The trip to the legendary gym now called Simon Skjodt Assembly Hall this past weekend in Bloomington, Ind., was about more than watching the University of Illinois start a running race in bare feet, then celebrating that at some time in the second half they managed to find their shoes.
The Illini fell behind 15-0 before realizing they were in a crater-sized hole without a ladder. The deficit reached 22 points although Illinois closed the margin to nine before losing by a final tally of 96-80.
Saturday wasn’t the first basketball nightmare Illinois has experienced at Indiana’s Assembly Hall. There have been a number of them through the years with a few miracles sprinkled in as well.
But this has been a haunted hall for many teams.
Before Saturday’s game, Illini radio analyst Doug Altenberger said during his distinguished career, Assembly Hall was the toughest place to play.
“This place and then Purdue — Mackey Arena was brutal — and maybe Iowa, those were the three toughest,” said Altenberger, the tough-as-nails guard who shined for the Illini from 1982 to 1987.
Assembly Hall has undergone a recent renovation. Thanks to a $40 million gift from alumna Cindy Simon Skjodt (her father, Mel Simon, was a billionaire mall developer and owner of the Indiana Pacers), the 45-year-old building sparkles again, particularly with a glassed-in grand entrance that is advertised as a new front window to the campus community.
As we’ve learned with most of these arena renovations, a facelift of any magnitude is the perfect time to take those cushy media seats that once provided a floor-level glimpse of the action and sell them for about $2,000 per seat, per game, to high rollers who don’t at all mind being seen by their friends on television.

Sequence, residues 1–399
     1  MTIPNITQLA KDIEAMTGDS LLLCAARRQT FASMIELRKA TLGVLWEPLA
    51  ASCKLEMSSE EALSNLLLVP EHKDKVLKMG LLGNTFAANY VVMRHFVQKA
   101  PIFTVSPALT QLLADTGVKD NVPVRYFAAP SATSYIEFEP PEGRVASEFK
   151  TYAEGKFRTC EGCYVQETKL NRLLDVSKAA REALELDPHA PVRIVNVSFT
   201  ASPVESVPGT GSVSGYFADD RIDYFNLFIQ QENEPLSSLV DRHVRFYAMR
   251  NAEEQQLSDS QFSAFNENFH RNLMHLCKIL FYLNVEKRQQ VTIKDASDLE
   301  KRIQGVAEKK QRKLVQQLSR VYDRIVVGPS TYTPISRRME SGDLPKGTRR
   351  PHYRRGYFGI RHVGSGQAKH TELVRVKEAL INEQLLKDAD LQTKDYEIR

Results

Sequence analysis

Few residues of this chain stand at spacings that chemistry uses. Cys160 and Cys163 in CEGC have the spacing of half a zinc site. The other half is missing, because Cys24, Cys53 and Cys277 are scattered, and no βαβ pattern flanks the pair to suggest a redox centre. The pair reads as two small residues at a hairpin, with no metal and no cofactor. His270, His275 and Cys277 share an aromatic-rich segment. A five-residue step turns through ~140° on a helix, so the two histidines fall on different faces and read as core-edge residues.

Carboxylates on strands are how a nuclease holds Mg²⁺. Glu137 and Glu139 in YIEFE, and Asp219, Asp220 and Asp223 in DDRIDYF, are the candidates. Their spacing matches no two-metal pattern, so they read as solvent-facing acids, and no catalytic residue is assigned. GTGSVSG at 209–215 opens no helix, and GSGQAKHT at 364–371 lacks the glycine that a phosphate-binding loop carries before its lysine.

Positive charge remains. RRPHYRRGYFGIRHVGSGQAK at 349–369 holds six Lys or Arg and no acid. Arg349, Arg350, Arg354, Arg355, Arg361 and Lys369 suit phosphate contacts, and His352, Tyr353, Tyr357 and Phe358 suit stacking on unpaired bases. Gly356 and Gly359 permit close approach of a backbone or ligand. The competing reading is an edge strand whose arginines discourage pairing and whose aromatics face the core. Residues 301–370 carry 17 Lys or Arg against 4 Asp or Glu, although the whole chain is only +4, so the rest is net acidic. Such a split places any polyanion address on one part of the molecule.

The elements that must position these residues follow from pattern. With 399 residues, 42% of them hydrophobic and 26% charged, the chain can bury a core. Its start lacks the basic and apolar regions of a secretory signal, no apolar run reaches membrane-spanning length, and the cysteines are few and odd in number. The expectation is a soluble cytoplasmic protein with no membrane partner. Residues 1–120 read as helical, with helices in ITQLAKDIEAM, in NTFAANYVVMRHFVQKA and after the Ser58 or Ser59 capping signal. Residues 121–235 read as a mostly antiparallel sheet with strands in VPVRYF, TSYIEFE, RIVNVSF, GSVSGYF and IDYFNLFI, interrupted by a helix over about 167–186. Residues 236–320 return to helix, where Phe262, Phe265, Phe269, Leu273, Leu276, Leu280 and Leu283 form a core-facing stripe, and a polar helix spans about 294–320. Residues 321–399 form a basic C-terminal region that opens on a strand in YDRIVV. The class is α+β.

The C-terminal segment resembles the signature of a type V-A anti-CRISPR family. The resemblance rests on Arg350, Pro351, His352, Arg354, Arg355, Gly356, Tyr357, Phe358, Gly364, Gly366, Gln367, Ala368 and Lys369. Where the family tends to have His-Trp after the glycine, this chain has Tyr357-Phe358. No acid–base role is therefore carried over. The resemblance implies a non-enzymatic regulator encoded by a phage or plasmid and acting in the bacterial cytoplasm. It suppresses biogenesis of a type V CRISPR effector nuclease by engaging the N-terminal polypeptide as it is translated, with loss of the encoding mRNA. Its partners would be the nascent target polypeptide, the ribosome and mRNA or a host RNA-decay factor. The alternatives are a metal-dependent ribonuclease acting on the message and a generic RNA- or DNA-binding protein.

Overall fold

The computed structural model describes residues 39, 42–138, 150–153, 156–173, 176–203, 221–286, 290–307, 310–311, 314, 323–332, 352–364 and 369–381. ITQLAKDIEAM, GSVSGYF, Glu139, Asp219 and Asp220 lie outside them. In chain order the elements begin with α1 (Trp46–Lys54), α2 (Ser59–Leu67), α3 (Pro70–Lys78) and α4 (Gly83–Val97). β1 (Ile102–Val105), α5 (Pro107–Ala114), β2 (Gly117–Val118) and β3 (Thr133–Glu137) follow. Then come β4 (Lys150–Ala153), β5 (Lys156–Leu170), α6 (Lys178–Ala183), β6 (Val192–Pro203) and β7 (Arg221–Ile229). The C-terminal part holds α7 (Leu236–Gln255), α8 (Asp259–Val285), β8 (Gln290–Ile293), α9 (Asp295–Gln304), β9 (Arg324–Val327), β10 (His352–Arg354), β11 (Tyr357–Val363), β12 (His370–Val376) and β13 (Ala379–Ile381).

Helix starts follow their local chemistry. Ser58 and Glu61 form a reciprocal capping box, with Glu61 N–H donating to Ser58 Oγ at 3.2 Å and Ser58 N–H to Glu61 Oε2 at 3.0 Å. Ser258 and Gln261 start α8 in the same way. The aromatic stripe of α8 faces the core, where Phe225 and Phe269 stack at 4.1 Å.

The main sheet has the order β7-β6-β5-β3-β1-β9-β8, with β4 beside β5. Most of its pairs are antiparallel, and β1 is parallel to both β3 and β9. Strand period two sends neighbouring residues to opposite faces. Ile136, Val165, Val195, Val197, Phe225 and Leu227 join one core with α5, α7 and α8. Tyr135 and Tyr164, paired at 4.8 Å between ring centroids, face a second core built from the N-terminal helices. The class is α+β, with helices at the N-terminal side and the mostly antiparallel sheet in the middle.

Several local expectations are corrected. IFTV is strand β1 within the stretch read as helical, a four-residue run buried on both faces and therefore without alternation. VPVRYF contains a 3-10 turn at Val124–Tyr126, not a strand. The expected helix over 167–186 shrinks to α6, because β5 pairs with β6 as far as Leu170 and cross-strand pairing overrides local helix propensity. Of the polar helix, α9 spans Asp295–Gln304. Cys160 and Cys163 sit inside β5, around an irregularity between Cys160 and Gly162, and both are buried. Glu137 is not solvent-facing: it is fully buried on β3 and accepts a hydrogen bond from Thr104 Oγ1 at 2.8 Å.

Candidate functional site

Sure enough, the media seats at Indiana have now been moved to the absolute top of those steep ski slope-like seating structures on each side of Assembly Hall.
I used to laugh at the people who were sitting way, way, way up there. I’d squint, knowing I’m a bit afraid of heights. The thought of hiring a Sherpa to scale those steps was terrifying but, thankfully, I’d never have to do that.
There’s humor to be found in the new seating arrangement, at least after one overcomes vertigo, popping ears and the breathlessness it takes to locate the new press row.
Face it, most people don’t give a hoot where the media sits and some would snicker if they found out the new media seats were located outside in a snow drift.
If I didn’t know better, I’d think Bob Knight was still around. The former Indiana coach loathed the media. If he had thought of it, he would have dispatched us up into the clouds decades ago.
Maybe the lack of oxygen in the new media seats got me feeling a little sentimental about Knight.
The storied coach won three national championships at Indiana and became bigger than the university president and the governor of the state, or so it seemed until in 2000 Knight’s pot boiled over and he was fired.
A brilliant tactician and motivator, he also was mean-spirited and became combative the minute anyone questioned his methods.
I shed no tears when he was fired but all these years later, here’s the truth:
As much as I disliked the man, it would be incredible to be present the day he walked back into a place that for years was his personal temple of intimidation.
This is where in 1985 Knight became so outraged at the officiating that he protested by heaving a chair across the court. It’s where in 1998 against the Illini that he was ejected by official Ted Valentine. Knight then stalked directly at Valentine in a threatening manner that made a sellout crowd believe Knight was determined to have a career-ending physical confrontation.
Alas, he veered away at the last second, buzzing past Valentine and bringing the enraged home crowd to a crescendo.
But Knight has never returned to the gym that still houses all those memories. Neither reunions of his national championship teams nor pleas from his favorite players have lured him back onto a campus where the administration had the gall to end his coaching tenure here.
For years there was an assumption that at some point he would grace the grand building with his presence. But now, with Knight at age 76 and no signs of having softened, the bitter, stubborn one-time king seems resigned never to return.
And no matter what happens in that building now, it will never seem as loud or as frenzied or as special without him.
I never thought I’d say this, but I’d pay big money to climb to the top row of the Assembly Hall just to listen to the roar when one more time that white-haired lion marches onto the floor.
Alas, Knight’s return to Assembly Hall is like floor-level media seating. It’s just not going to happen again.